Friday, November 07, 2008

A holiday in France - who is paying?

In these turbulent times on the world stock markets, where the individual is also feeling the squeeze, I thought that I should write a little about the differences between what is happening here and in the UK.

The perception for many UK citizens is that we are rich people living on a permanent holiday with no mortgages and no heating costs here in southern France. The reality is very different.

If we take heating as a starter, you will find that it gets very cold here, even in the Dordogne. There are long hot summers and nice sunny days in the winter, but at night it often gets down to minus 10 to 12 here. That is cold. Our house does not have central heating and we would not want it due to the cost of running it and the environmental damage that it causes. We have a large wood burner which used a non fossil fuel – wood. This keeps the house at a reasonable temperature, but we still feel the cold in the winter.

Many of us live here on a limited pension, normally sourced from the UK. That means that we are dependant on the £ to euro exchange rate, which has not been too good for us over the last couple of years. It is possible to live here on £8000 per year, we have done it for the past four years, but we do have to watch what we spend.

Many British ex-pats are feeling the pinch at the moment. I know of some people who have visitors from the UK and now insist that those visitors hire a car at the airport when the come for a holiday. It can get quite expensive collecting visitors from the airport and driving them around for a week or two. I have managed to cover 400 miles in a week before now, just taking people around. During those weeks, the hosts tend to take people around to see the local sights and eat in the local restaurants, and they cannot always afford to pay the entrance fee to visit the local caves, which they have seen many times before. Neither do they want to eat a lavish local meal with visitors when they pay their half of the meal as it is much cheaper to eat at home.

I also know of another couple who have family and friends visiting on a regular basis, but have found that the cost of feeding them and the cost of electricity and laundry is just a little too much. They now ask visitors to donate 10 euros per person per night towards their upkeep. Don't forget this is much cheaper than the cost of a B&B at 50 or 60 euros per night.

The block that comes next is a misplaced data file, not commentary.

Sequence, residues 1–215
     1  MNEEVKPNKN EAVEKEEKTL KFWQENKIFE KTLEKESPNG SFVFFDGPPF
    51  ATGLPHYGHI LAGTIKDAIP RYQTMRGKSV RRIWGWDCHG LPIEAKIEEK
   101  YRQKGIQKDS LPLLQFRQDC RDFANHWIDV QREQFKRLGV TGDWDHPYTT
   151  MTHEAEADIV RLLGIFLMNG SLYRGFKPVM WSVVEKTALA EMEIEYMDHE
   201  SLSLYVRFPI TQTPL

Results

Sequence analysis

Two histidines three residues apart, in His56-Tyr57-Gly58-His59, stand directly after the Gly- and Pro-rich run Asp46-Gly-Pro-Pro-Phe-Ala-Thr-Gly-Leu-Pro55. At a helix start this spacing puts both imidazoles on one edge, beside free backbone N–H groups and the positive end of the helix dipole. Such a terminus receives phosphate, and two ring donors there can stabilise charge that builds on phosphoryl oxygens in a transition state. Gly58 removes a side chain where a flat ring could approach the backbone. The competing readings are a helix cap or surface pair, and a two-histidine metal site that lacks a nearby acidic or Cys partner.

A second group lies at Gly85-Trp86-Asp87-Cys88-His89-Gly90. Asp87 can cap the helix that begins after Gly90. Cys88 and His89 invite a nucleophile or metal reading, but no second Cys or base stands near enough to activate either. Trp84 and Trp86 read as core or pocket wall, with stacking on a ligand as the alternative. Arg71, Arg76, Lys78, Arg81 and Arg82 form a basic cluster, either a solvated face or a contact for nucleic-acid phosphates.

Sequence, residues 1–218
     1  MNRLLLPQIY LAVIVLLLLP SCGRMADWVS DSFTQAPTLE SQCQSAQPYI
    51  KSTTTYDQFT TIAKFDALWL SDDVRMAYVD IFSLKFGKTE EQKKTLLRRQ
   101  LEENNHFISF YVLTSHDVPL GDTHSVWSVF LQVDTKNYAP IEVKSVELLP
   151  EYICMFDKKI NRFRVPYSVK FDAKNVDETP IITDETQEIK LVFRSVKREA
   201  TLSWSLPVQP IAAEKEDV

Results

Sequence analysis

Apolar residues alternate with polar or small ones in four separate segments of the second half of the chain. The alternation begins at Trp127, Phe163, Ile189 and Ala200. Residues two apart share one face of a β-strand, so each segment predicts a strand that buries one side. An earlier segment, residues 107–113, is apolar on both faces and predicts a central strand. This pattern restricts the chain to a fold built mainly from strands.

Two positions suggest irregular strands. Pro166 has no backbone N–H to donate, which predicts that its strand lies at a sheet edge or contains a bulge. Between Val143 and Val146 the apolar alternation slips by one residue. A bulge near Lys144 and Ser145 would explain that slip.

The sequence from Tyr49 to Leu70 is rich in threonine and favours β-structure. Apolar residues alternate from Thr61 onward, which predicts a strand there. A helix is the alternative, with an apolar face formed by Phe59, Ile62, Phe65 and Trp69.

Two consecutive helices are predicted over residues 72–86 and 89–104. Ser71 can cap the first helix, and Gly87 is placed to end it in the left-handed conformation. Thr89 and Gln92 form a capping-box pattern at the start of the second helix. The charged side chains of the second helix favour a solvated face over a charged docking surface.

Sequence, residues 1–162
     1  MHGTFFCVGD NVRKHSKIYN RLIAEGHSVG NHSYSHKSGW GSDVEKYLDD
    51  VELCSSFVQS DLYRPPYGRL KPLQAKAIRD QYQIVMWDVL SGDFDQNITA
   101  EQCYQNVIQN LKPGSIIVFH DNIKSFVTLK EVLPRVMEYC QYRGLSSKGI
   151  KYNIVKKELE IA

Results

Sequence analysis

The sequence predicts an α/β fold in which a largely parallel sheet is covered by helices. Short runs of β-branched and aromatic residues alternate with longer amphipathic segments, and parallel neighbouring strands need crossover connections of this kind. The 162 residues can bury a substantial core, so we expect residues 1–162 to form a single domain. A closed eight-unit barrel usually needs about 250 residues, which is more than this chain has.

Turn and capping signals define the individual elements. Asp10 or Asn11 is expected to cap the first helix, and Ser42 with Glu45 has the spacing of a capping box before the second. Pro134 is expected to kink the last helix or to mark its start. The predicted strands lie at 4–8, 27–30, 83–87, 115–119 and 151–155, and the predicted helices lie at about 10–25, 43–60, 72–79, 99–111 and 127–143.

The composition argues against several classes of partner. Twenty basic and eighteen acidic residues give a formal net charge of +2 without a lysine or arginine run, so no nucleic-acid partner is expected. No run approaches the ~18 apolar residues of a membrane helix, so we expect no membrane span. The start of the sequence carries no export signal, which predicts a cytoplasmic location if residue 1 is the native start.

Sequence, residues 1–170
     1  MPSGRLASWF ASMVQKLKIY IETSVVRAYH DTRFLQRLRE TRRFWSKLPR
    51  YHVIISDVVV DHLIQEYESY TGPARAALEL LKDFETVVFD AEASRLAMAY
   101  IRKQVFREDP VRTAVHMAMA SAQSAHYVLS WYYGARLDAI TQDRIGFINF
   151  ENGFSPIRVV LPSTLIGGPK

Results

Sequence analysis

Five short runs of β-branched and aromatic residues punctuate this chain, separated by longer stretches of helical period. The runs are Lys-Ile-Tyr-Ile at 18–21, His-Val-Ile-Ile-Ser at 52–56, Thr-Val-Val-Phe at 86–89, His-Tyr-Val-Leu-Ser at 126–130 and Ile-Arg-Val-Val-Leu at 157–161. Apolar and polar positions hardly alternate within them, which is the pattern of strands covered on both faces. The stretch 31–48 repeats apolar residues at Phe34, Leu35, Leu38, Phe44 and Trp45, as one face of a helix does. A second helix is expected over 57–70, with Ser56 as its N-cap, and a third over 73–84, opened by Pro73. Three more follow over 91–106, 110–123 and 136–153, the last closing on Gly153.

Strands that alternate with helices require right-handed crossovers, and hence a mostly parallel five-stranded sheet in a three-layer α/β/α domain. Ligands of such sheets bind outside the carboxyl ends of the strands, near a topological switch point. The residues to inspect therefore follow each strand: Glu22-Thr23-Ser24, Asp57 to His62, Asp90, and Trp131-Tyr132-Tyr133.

Is this fair? In the eyes of the holiday makers, probably no, but most of the holiday makers live in the UK and are earning in excess of £30,000 per year. I discussed this with someone last year and their answer was that they had a mortgage to pay. I don't understand why they expect their hosts to subsidise their holiday because they have no mortgage.

The other thing that is not understood is the UK winter fuel payment to pensioners. If you live in the UK and receive a state pension then you get a payout of a few hundred pounds every year to help with heating costs. If you have received this once in the UK and then move out of the country, you will continue to receive it wherever you are. If you move just before you receive your state pension then you will never get it despite having paid into the UK system all of your life. Some of use with military pensions have no choice but to pay UK tax on that pension, yet we will never be eligible for a winter fuel payment. As I said further up the page, it can be much colder here than the UK!

1 Comments:

At 7:42 am, Blogger Riggers said...

Bob,
Sorry if cash is a bit short...

I might be able to swing a couple of jobs at Wyton - how soon can you start?

 

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